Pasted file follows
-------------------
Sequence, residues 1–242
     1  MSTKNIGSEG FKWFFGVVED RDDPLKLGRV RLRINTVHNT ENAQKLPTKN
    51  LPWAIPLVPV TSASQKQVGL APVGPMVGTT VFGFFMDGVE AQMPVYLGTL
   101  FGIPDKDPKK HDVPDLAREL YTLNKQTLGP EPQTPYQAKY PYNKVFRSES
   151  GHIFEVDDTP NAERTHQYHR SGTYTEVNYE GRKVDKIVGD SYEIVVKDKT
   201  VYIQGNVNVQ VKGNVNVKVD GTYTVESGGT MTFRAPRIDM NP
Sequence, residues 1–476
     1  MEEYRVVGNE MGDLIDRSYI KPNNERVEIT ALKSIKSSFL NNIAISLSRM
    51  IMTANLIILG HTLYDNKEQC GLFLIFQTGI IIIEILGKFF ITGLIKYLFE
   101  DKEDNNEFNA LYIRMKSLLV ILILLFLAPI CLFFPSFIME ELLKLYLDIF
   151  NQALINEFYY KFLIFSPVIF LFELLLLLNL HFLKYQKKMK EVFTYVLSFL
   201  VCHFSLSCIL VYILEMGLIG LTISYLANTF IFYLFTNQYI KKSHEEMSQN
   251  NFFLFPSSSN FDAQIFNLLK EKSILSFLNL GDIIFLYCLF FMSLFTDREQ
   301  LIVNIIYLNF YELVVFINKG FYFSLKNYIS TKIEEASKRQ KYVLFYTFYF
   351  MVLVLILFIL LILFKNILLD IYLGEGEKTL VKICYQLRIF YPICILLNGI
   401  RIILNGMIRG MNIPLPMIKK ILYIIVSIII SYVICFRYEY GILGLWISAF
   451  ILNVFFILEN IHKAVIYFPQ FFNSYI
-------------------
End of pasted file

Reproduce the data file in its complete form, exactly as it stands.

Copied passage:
Sequence, residues 1–242
     1  MSTKNIGSEG FKWFFGVVED RDDPLKLGRV RLRINTVHNT ENAQKLPTKN
    51  LPWAIPLVPV TSASQKQVGL APVGPMVGTT VFGFFMDGVE AQMPVYLGTL
   101  FGIPDKDPKK HDVPDLAREL YTLNKQTLGP EPQTPYQAKY PYNKVFRSES
   151  GHIFEVDDTP NAERTHQYHR SGTYTEVNYE GRKVDKIVGD SYEIVVKDKT
   201  VYIQGNVNVQ VKGNVNVKVD GTYTVESGGT MTFRAPRIDM NP
Sequence, residues 1–476
     1  MEEYRVVGNE MGDLIDRSYI KPNNERVEIT ALKSIKSSFL NNIAISLSRM
    51  IMTANLIILG HTLYDNKEQC GLFLIFQTGI IIIEILGKFF ITGLIKYLFE
   101  DKEDNNEFNA LYIRMKSLLV ILILLFLAPI CLFFPSFIME ELLKLYLDIF
   151  NQALINEFYY KFLIFSPVIF LFELLLLLNL HFLKYQKKMK EVFTYVLSFL
   201  VCHFSLSCIL VYILEMGLIG LTISYLANTF IFYLFTNQYI KKSHEEMSQN
   251  NFFLFPSSSN FDAQIFNLLK EKSILSFLNL GDIIFLYCLF FMSLFTDREQ
   301  LIVNIIYLNF YELVVFINKG FYFSLKNYIS TKIEEASKRQ KYVLFYTFYF
   351  MVLVLILFIL LILFKNILLD IYLGEGEKTL VKICYQLRIF YPICILLNGI
   401  RIILNGMIRG MNIPLPMIKK ILYIIVSIII SYVICFRYEY GILGLWISAF
   451  ILNVFFILEN IHKAVIYFPQ FFNSYI